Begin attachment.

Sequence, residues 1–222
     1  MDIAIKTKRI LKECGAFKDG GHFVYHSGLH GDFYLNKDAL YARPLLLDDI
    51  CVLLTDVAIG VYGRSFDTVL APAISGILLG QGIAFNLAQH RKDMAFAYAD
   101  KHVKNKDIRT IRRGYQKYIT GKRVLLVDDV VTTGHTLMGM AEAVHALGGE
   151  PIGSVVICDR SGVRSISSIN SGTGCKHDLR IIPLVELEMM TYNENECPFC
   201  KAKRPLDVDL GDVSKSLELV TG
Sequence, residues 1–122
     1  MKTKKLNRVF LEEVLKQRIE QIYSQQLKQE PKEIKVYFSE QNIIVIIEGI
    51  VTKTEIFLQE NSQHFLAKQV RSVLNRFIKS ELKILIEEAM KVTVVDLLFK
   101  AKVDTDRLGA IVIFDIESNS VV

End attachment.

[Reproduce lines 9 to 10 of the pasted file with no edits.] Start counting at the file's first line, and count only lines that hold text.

    51  VTKTEIFLQE NSQHFLAKQV RSVLNRFIKS ELKILIEEAM KVTVVDLLFK
   101  AKVDTDRLGA IVIFDIESNS VV